Sea Fishing Reels - Fixed Spool or Multiplier?

There are two main types of reel for sea fishing: the Fixed Spool and the Multiplier. The fixed spool reel, as the name suggests, has a spool that does not move. Instead, when the handle is turned, a 'bail-arm' rotates around the spool laying the line onto the spool as it goes. Imagine holding an empty cotton reel in one hand and using the other hand to wind cotton onto it. The cotton reel itself does not rotate. This is exactly how a fixed spool reel works. A multiplier works the other way around. Instead of the winder moving around the spool, the spool itself rotates. This mechanism is a lot simpler and can yield great casting distances but it does have it's disadvantages.

Penn Surf Master Fixed Spool Reel
Penn Surf Master Fixed Spool Reel

Most beginners to sea fishing choose to use a fixed spool reel. They tend to be cheaper to buy and easier to learn. When casting a rig into the sea, the line is simply pulled off the spool and there is little danger of a tangle. Not so with the multiplier! When casting with a multiplier reel, the spool rotates at the speed required to serve the line but once the rig lands in the sea and the demand for line reduces, the spool will keep on spinning. Without intervention from the angler at this stage an overrun will occur resulting in a huge tangled mess known in fishing circles as a 'birds nest'. Modern multiplier reels have advanced braking systems that attempt to slow the spool down automatically to avoid overruns but even the most complex of these still rely on the skill of the angler. There is of course a trade-off between the amount of braking applied and the achievable casting distance. To safeguard against overruns, the angler could apply maximum braking but with maximum braking applied the amount of line that is served will be limited and this will in turn limit the distance of the cast.

Abu Premium Mag Elite Multiplier Reel
Abu Premium Mag Elite Multiplier Reel

So why use a multiplier at all? The short answer is that multiplier reels, once mastered, are more efficient casting machines and the distances achievable by an experienced angler with a good multiplier reel are far better than with a fixed spool reel. The key factors when using a multiplier are smoothness of cast and efficiency of braking. A smooth cast and efficient braking ensures that maximum distance is achieved with minimal risk of a birds nest. Any snatches in the cast will directly influence the speed of rotation of the spool and this is one of the main causes of overruns.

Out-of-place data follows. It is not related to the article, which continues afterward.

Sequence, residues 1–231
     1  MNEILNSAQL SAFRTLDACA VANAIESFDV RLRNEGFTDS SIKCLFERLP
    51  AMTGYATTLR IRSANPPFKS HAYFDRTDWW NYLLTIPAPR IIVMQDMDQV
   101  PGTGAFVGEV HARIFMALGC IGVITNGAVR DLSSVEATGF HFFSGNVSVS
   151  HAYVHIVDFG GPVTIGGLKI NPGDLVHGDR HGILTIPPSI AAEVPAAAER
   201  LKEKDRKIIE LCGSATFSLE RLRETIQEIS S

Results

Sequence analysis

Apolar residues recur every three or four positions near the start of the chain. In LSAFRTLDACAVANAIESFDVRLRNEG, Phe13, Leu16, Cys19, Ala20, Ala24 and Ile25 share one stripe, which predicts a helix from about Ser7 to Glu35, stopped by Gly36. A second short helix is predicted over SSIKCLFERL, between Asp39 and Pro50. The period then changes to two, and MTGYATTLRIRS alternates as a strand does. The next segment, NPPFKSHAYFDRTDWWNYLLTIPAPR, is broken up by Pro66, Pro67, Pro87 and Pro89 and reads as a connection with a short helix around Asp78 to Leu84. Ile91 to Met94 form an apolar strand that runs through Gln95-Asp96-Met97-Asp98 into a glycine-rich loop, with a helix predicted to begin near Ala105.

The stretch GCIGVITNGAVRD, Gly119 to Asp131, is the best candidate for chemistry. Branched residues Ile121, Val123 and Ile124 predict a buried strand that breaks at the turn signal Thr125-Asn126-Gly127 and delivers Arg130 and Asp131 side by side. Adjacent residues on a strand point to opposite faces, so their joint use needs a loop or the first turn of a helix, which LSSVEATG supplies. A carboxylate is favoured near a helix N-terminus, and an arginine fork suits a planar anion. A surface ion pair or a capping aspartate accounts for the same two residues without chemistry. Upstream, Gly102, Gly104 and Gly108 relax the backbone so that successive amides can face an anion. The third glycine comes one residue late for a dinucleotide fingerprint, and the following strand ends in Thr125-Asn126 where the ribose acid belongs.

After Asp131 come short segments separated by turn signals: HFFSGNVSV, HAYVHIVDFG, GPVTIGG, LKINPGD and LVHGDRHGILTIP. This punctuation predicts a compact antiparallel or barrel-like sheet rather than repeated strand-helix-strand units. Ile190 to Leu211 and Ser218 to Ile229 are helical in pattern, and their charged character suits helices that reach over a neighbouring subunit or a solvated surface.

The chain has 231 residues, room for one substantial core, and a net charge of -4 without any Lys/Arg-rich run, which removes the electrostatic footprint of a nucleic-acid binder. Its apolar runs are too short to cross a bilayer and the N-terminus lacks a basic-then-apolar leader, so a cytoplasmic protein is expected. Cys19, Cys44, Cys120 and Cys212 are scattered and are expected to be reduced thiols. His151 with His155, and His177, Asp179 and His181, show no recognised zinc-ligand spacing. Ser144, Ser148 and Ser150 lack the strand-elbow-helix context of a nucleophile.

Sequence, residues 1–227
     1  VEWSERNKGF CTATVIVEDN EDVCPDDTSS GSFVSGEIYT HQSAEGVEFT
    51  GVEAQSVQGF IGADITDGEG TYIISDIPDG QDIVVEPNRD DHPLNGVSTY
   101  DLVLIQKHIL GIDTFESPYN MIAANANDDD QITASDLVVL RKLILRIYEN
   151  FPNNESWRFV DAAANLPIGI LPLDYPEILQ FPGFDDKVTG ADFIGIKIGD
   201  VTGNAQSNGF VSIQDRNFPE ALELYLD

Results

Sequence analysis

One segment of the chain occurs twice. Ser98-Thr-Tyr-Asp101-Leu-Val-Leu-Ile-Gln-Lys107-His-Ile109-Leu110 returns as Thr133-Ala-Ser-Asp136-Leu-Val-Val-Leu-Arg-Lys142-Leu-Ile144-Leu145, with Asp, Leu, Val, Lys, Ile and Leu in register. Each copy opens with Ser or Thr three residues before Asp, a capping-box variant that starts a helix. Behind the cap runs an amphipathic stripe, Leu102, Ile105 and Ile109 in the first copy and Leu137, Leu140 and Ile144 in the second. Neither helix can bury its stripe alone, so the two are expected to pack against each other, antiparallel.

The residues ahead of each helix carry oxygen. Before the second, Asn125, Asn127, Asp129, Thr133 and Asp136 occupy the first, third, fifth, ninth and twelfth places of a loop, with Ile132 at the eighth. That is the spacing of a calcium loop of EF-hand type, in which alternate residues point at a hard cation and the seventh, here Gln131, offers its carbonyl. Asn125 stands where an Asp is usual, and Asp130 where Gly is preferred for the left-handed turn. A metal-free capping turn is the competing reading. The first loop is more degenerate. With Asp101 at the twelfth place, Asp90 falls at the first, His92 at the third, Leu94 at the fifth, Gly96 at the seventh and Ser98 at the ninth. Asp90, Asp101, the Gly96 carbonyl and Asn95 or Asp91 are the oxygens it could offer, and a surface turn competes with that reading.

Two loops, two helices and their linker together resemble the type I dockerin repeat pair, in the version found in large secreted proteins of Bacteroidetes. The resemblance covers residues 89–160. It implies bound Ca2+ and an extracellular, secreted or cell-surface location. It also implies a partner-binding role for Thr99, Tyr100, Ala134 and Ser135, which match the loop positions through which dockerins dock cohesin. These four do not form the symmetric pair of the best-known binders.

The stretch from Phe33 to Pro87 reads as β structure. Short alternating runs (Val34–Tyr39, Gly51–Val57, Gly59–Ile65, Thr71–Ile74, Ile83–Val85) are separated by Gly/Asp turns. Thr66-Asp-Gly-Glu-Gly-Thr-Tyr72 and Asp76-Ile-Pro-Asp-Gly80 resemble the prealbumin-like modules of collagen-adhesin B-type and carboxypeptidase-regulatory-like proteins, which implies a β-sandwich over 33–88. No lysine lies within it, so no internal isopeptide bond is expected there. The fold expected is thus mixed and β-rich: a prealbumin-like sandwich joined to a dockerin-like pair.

Both types of reel have a requirement for the line to be laid evenly on the spool. With a fixed spool reel this is achieved by a mechanism which causes the spool to move up and down as the handle is turned. All fixed spool reels have this feature as they would not be able to operate correctly without it. Some multiplier reels have a 'level wind' feature and this is recommended for beginners but many experienced anglers prefer to work without it as it can hinder the line slightly during the cast and when distance is key, every little thing helps. In this case the angler is required to manually move the line evenly across the spool as the line is reeled in.

In summary, if you've never fished before then you will ideally need to learn how to cast smoothly before you attempt to use a multiplier. Though it's not impossible to learn with a multiplier reel from scratch, the learning curve will certainly be steeper since you'll have tangles to contend with caused by jerky or irregular casting. Fixed spool reels are a lot more forgiving while you are perfecting your casting technique and will allow you to concentrate on the action of your cast without having to worry about overruns or braking. The last thing you want is to be put off fishing for life because you're spending most of your time sitting on the beach trying to free your multiplier from a horrendous mess of line when those around you are catching fish! The best advice for beginners is to start with a reasonably priced fixed spool reel, learn to cast smoothly, and then progress to a multiplier if you want to. This way, you get the benefit of using both types of reel without losing your enthusiasm for fishing and without losing money and time on lost tackle.

What type of reel do you use?

  • Fixed Spool
  • Multiplier
  • Both
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ThunderKeys profile image

ThunderKeys 5 years ago

Great Hub. This could be the start of something really neat - fishing, and fishing equipment reviews and advice. I'm looking forward to more great reads like this one.

Gratefully,

- Duddy.

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